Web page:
State Senate passes bill expanding addiction treatment coverage to 30 days
BOSTON >> Health insurers would be required to provide 30 days of addiction treatment coverage under a bill the Senate passed on Friday.
The bill (S 2432) proposed a major adjustment to a law passed in 2014 providing coverage for 14 days of treatment, according to its sponsor, Sen. John Keenan.
Keenan, a Quincy Democrat, said during a session attended by three senators Friday afternoon that the state does not have enough revenue to meet demand for addiction services without insurance companies playing a greater role.
"Thirty days is a critical point in the treatment continuum, and not having insurance coverage up to that point I think is impeding our efforts to address the epidemic," Keenan told the News Service.
The coverage requirement would result in a three to five cent increase in monthly health insurance premiums, totaling up to an additional 60 cents a year, according to Keenan's office.
A treatment facility would be required to provide the insurance carrier with notification and an initial treatment plan within 48 hours of a patient's admission for treatment, according to a Senate Ways and Means Committee bill summary.
Senate President Stanley Rosenberg joined Keenan and Weymouth Republican Sen. Patrick O'Connor at Friday's session.
During the session, Keenan said he hoped the House and Gov. Charlie Baker would also act quickly on the bill.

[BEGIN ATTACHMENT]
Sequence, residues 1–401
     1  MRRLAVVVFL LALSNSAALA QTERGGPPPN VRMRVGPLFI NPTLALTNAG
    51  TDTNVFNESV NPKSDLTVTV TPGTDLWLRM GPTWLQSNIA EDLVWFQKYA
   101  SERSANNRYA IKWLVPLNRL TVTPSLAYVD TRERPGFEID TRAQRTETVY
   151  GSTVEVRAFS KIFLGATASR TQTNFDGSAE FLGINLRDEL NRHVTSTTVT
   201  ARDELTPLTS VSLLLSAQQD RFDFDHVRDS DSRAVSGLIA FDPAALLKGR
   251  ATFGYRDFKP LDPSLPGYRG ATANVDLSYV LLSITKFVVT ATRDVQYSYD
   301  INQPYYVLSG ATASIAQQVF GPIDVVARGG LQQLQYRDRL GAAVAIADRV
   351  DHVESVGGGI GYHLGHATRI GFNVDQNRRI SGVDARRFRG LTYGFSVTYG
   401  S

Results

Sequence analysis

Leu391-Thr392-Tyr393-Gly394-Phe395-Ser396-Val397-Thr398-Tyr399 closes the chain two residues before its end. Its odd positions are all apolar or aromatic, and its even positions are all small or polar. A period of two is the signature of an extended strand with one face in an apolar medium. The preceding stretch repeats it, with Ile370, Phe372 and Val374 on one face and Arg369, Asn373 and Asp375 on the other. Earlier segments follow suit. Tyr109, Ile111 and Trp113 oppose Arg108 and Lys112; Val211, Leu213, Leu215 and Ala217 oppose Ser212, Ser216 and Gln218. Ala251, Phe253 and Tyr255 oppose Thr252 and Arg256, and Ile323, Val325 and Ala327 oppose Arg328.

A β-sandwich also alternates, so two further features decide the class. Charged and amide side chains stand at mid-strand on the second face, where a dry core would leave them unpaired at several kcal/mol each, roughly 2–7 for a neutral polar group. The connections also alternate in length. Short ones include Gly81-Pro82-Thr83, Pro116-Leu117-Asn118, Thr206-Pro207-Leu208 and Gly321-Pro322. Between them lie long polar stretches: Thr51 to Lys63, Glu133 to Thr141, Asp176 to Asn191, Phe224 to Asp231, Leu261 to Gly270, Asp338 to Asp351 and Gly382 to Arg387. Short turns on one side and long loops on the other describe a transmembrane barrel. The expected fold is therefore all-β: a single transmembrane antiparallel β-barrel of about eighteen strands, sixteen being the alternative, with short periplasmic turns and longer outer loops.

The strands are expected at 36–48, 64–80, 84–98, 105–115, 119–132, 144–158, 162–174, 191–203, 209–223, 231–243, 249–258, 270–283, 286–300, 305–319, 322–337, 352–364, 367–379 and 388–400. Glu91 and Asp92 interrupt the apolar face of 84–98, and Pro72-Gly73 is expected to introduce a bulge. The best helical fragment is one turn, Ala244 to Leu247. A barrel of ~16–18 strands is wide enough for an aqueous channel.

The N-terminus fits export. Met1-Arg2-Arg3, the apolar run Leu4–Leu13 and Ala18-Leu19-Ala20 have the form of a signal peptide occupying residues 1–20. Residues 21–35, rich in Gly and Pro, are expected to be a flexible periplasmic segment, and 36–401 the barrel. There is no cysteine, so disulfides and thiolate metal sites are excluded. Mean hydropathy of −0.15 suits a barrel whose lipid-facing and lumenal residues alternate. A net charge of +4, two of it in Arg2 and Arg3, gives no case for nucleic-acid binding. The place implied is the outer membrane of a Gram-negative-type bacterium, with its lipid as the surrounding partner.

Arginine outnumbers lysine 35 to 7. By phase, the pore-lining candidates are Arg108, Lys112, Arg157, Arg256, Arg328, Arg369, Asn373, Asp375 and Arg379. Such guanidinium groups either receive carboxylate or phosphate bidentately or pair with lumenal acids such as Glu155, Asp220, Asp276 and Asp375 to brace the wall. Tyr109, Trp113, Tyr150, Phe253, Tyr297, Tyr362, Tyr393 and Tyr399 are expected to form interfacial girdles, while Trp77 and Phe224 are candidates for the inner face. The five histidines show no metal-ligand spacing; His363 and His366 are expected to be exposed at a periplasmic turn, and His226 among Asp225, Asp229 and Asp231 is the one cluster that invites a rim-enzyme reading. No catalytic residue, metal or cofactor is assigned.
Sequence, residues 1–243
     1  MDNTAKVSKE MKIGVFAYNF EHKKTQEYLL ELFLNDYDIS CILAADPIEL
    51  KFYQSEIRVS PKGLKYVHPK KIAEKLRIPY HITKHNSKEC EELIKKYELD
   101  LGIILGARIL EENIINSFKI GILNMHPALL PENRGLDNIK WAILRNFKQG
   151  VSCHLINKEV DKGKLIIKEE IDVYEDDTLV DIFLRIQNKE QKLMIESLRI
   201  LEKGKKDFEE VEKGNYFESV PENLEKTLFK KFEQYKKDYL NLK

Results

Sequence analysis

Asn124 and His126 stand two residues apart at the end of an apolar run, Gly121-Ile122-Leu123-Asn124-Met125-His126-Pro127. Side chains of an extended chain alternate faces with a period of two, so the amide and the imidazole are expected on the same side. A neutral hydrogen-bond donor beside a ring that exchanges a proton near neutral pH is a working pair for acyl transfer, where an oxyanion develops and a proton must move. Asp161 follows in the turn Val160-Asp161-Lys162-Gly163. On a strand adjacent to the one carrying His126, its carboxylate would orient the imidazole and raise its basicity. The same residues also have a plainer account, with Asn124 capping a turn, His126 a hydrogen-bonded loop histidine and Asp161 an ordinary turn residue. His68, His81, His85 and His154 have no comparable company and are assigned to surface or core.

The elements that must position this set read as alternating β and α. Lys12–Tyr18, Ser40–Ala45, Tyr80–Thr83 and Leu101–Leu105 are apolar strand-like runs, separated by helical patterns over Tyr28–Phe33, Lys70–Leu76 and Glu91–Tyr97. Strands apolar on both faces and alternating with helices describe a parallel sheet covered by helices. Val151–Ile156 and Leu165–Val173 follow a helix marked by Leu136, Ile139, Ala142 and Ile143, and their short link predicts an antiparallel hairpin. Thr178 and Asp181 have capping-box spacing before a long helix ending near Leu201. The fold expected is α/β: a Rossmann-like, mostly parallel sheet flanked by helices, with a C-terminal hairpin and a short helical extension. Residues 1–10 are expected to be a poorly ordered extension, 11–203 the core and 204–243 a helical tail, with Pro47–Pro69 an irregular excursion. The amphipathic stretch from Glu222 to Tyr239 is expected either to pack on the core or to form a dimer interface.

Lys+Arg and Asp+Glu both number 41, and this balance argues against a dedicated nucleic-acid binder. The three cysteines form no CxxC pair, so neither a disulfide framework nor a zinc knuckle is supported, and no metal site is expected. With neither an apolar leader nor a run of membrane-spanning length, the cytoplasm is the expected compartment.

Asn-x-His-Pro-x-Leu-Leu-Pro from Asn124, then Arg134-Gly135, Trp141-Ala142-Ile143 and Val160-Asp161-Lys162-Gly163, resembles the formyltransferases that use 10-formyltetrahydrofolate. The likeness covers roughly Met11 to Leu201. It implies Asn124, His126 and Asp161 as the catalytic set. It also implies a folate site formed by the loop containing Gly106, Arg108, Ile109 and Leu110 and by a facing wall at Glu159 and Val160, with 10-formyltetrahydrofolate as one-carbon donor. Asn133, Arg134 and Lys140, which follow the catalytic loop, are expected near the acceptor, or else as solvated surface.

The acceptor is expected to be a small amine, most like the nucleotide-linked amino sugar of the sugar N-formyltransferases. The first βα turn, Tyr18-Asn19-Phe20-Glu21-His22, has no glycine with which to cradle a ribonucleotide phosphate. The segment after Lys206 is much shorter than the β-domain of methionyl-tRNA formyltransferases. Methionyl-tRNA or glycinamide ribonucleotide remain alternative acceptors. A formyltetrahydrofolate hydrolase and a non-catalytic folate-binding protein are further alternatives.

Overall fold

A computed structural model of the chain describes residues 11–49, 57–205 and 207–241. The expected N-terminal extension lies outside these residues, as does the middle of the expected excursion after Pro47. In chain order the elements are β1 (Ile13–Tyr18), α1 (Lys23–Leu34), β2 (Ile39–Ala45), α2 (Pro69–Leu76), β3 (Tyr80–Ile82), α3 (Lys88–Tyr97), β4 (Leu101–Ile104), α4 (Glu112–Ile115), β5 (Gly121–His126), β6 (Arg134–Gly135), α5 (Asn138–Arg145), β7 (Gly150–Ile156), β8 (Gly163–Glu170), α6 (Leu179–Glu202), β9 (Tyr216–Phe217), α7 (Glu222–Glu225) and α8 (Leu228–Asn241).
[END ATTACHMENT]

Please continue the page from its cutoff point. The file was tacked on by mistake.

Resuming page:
Fifty-six House lawmakers signed onto a May letter to the Health Care Financing Committee urging support for the bill.
Medical directors of the carriers represented by the Massachusetts Association of Health Plans and a group of business organizations sent letters to Baker, Rosenberg and House Speaker Robert DeLeo Friday afternoon, raising concerns about the bill after the Senate approved it.
"While we recognize the urgency in addressing the ongoing opioid crisis and remain committed to working together to craft solutions, Senate Bill 1502 will do little to improve care for individuals struggling with opioid addiction and will increase health care costs for Massachusetts employers at a time when many are struggling with finding affordable options," read the letter signed by business groups including the Retailers Association of Massachusetts, the National Federation of Independent Businesses, the North Shore Chamber of Commerce and the South Shore Chamber of Commerce.
Eric Linzer, MAHP's senior vice president of public affairs and operations, said there is "no clinical evidence to indicate a specific number of days for treatment of opioid addiction."
"The current 14-day requirement has only been in effect for less than a year, so it seems arbitrary to be increasing the number in a time when there is very little information and data on how the current 14-day requirement is working," Linzer told the News Service.
The coverage mandates in Keenan's bill would take effect on Oct. 1, 2017.
Keenan said he expects the bill's opponents to seek to "weaken" its provisions.
"I'm not going to let it go," Keenan said. "Maybe they'll succeed and maybe not, but I'm not going to let them weaken it without a fight. Not to sound melodramatic, but the stakes are pretty high here."
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